Fax: 713-348-5991

The Dante and Charles Hall Grandgent Prizes

¡°Since 1987 the Dante Society of America has offered an annual prize of one hundred

dollars for the best student essay in competition on a subject related to the life or works

of Dante.   The Dante Prize of two hundred fifty dollars is offered for the best essay submitted by an undergraduate in any American or Canadian college or university, or by anyone not enrolled as a graduate student who has received the degree of A.B., or its equivalent, within the past year. In addition, the prize of five hundred dollars, the Charles Hall Grandgent Award, is offered for the best essay submitted by an American or Canadian student enrolled in any graduate program.

All submissions, both undergraduate and graduate, must be made by e-mail attachment of a file in either Word or WordPerfect and sent to the Dante Society at sad@dantesociety.org. Files should have the extension .doc or .rtf if saved in Word, .wpd if saved in WordPerfect. No hardcopy submissions will be accepted. Undergraduate essays should be no longer than 5,000 words in length, graduate essays no longer than 7,000 words in length, including bibliographies and any other material. The deadline for submission is June 30 of each year.

Each writer should provide a cover page (as the first page of the file) giving the writer's name, local, permanent and e-mail addresses, the title of the essay, the essay category, and the writer¡¯s institutional affiliation.   The writer¡¯s name should not appear on the essay title page (to follow the cover page) or any other page of the essay since the essays are submitted anonymously to the readers. Quotations from Dante¡¯s works should be cited in the original language and the format of an essay should conform to either the Chicago or MLA Style Sheet guidelines.¡±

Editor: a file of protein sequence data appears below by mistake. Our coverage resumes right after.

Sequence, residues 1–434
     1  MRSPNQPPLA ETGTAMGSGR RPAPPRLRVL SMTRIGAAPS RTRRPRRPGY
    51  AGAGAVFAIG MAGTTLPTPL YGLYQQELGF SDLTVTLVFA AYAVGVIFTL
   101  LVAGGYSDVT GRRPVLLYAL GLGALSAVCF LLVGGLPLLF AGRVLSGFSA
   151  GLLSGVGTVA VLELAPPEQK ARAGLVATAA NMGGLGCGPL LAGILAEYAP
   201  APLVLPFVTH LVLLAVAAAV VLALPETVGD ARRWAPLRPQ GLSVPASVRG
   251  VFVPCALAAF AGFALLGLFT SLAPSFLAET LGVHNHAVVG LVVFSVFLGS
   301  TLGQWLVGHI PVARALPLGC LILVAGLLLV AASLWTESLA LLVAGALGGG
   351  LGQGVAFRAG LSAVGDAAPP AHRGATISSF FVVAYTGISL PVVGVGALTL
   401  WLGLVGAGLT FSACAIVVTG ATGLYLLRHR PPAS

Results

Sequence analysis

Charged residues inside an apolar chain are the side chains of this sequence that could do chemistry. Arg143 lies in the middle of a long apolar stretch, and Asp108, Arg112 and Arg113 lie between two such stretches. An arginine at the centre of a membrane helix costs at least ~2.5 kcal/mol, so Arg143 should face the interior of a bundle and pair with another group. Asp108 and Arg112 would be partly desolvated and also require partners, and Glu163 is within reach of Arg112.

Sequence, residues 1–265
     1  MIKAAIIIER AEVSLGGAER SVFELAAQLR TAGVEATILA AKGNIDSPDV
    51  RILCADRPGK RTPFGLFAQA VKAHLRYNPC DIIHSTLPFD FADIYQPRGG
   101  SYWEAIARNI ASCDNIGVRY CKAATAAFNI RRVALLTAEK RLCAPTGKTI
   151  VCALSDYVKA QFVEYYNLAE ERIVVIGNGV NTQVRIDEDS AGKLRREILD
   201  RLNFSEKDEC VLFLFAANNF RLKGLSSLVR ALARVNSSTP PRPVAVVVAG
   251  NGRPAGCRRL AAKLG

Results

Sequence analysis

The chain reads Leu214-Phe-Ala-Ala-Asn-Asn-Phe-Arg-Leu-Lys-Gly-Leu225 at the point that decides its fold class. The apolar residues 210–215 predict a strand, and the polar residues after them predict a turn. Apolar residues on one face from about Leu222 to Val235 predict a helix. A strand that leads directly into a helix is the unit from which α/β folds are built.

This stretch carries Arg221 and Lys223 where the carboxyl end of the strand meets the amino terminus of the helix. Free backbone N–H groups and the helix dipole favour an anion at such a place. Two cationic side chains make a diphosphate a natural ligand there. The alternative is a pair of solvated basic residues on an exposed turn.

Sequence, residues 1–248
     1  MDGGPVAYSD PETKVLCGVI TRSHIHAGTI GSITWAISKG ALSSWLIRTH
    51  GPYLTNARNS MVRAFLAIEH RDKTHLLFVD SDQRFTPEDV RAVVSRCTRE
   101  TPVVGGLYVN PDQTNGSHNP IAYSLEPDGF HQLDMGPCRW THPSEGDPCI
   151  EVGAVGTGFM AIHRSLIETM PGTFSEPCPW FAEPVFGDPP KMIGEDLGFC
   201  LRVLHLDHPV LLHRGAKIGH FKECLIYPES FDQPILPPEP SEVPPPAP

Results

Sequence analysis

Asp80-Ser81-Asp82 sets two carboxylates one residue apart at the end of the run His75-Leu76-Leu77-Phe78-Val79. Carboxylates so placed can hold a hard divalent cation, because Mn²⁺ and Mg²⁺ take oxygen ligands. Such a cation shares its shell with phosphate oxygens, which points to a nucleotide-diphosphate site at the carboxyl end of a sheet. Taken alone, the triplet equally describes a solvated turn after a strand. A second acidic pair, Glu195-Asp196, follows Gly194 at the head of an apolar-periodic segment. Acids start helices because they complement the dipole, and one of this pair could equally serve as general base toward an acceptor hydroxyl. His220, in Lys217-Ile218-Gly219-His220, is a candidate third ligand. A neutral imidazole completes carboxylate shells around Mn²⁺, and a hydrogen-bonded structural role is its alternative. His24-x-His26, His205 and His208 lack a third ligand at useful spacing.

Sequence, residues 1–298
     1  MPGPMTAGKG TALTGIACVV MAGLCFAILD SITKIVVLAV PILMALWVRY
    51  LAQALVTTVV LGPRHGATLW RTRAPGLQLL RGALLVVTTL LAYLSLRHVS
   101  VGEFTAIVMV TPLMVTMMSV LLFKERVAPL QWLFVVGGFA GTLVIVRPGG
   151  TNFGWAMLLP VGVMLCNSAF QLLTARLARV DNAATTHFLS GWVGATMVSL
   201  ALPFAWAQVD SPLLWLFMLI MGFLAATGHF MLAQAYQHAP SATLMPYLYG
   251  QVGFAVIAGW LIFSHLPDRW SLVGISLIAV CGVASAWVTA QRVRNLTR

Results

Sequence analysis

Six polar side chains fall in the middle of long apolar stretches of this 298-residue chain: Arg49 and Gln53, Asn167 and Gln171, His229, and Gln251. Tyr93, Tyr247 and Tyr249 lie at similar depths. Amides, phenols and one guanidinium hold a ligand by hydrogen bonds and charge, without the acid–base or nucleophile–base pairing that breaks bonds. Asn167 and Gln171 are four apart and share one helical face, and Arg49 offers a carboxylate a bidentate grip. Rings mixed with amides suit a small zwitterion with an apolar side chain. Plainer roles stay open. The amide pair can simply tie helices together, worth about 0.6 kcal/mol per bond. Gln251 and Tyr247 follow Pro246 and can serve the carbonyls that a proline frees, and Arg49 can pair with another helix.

Results will be announced in the fall issue of the Society¡¯s Newsletter and in the annual issue of Dante Studies; the submitted text is not returned to authors. The Society reserves the right to make no awards in any one year.

Previous Dante Prize Winner Examples:

Peter Borton (Yale), "Bestiality, Sin and Poethood: The Taming of         Geryon in the Inferno, Canto 17¡±

Martha Toll (Yale), "A study of Music in Dante's Divina Commedia as Prothalamion"

Felice Visceglia (Princeton), "The Divina Commedia as Prothalamion"

Steven J. Rowan (U. of Connecticut), "The Problem of Redemptive Identity in the Canto of the Three Florentines"

Charles Hall Grandgent Award Winner Examples:

Robert Giacone (Harvard), "Ugo Capeto e Dante"

Donald Gilman (U. of N. Carolina), "Classical Convention and Dante's Concept of Poetic Inspiration"

Disability Notice:

1. Any student with a documented disability needing academic adjustments or accommodations is requested to speak with me during the first two weeks of class.   All discussions will remain confidential.   Students with disabilities will need to contact Disability Support Services in the Ley Student Center.

2. Any student with a disability requiring accommodations in this course is encouraged to contact me after class or during office hours.   Additionally, students will need to contact Disability Support Services in the Ley Student Center.

3. If you have a documented disability that will impact your work in this class, please contact me to discuss your needs.   Additionally, you will need to register with the Disability Support Services Office in the Ley Student Center.